The common complaint is that it’s impossible to get into one’s PCP’s office because they are so busy. However, there are plenty of doctors now who have alternative practices such as the DPC model. And with telemedicine gaining traction it should be easier to see your doctor. Our job is to seek out those PCP’s even if we are physicians ourselves.
The Financial Adviser Battle
I can only comment on what financial advisers based on what I have read, what I have observed and the information shared with me through my own advisers over the years. In short, they don’t have it much easier than PCP’s.
Their biggest hurdle is that they haven’t yet been able to bring a 3rd party between them and their customers in the same fashion that insurance companies essentially guarantee physician jobs. So for now, they are on their own to drum up business and convince customers of their value.
Delaying savings, getting into excess debt, not protecting oneself against catastrophe and exposing the financial household to too much risk are all common diseases of the financial lives of US households.
Most of this is adequately preventable. Intervention should ideally start when kids learn about money, which usually is at the checkout counter when the dad barks back that the toy is too expensive.
Who Benefits From Having Early And Ongoing Access To A Financial Adviser?
Again, the society as a whole would benefit a lot. Sure, we are used to thinking of banks and lending institutions as evil little fuckers. However, if we were savvier consumers and less likely to default on our debt, all of a sudden, both the banks and the customer would profit.
Financial advisers would benefit a ton because they are just as underutilized as Primary Care Physicians. They wouldn’t have to spend so much time with elaborate financial planning to perform damage control or account for irresponsible financial behaviors. They can focus on a higher number of clients and bring higher value to their clients.
Individuals would benefit as well. Imagine avoiding common financial mistakes because someone warned you about them and demonstrated to you why that decision will end up costing thousands of dollars. Would a good financial adviser have let their client buy a home with a variable mortgage back in 2005 just because the bank approved them for the loan? Would a good financial adviser let their client sell out of their investment holdings at the bottom of the 2008 crash and lock in hundreds of thousands of dollars in losses?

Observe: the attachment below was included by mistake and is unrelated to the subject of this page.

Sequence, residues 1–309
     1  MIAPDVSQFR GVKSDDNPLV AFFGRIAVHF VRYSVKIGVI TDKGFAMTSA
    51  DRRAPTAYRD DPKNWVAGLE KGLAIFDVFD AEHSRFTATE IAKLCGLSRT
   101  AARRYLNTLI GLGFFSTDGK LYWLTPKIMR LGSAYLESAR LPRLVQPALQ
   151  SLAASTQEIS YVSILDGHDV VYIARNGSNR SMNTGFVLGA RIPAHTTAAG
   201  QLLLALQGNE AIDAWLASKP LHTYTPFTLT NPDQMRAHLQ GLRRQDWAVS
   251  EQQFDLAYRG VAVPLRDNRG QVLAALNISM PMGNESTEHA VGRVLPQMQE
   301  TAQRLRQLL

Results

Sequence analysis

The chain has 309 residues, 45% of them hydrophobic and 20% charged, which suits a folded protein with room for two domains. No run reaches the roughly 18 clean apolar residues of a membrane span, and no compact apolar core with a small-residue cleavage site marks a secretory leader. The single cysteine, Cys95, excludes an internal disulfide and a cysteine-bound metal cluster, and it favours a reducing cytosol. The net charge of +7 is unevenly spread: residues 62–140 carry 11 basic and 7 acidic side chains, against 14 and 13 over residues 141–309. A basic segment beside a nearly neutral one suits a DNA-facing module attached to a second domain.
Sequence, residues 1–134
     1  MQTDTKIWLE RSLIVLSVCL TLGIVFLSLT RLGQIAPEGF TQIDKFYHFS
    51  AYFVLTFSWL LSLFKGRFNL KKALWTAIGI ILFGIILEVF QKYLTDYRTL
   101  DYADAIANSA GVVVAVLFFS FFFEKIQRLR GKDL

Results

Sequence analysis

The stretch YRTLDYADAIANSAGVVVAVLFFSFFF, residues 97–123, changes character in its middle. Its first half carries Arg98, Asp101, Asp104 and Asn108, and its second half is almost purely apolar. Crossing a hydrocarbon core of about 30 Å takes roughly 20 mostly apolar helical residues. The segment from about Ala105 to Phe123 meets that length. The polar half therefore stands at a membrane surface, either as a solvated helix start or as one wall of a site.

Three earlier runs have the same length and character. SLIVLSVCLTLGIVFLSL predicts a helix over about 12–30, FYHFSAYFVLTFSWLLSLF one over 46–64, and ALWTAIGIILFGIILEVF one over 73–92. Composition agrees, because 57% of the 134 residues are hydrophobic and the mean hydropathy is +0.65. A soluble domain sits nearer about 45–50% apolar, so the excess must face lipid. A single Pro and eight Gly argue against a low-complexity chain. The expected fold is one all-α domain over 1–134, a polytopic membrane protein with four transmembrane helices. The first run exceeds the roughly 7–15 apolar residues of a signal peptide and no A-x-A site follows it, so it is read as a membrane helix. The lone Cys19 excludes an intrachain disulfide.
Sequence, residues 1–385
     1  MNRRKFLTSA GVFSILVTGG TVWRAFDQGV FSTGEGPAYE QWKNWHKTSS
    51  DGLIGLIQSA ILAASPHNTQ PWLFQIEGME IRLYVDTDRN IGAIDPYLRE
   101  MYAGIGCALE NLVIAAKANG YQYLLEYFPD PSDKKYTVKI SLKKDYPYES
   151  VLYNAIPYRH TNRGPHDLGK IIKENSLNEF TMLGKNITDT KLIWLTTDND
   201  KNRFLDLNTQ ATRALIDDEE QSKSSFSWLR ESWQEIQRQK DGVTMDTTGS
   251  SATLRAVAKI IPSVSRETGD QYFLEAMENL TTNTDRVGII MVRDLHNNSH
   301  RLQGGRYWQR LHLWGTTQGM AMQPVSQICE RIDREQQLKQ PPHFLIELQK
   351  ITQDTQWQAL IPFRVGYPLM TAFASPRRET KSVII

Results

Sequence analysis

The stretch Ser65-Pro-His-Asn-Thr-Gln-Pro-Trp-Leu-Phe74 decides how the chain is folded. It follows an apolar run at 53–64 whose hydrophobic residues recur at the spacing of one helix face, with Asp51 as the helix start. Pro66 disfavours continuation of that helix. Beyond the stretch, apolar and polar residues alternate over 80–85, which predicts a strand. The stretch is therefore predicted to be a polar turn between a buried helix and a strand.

Finding A Great Financial Adviser
The best financial advisers are the best listeners. They spend a lot of time doing fact-finding in order to come up with a financial plan that’s customized for you. They anticipate problems and can help navigate you around them. They are experts to offer expert opinion – they don’t handhold and instead act to empower you.
And guess what, just like our health, our finances go through ups and downs. There are divorce, job loss, windfalls, marriage, kids, bankruptcy, sale of a business, loss of a business, and lawsuits.
The financial adviser would sit down with us at every financial turn of our lives and advise us through it. Plans will change and economic trends change just as much.
It can be hard finding a good financial adviser. I would recommend the word-of-mouth technique. Alternatively, you can research what it takes to be a great financial adviser and seek out those characteristics in your own adviser. Just like a PCP, you’ll have to interview many and probably fire as many FA’s as PCP’s to find the right fit for you.
A good friend once said that everyone should have a private dentist, mechanic, doctor and lawyer – I will add financial adviser to that list of professionals. We think that having such experts on retainer is only for rich people… but we physicians are those rich people so we should do as rich people do.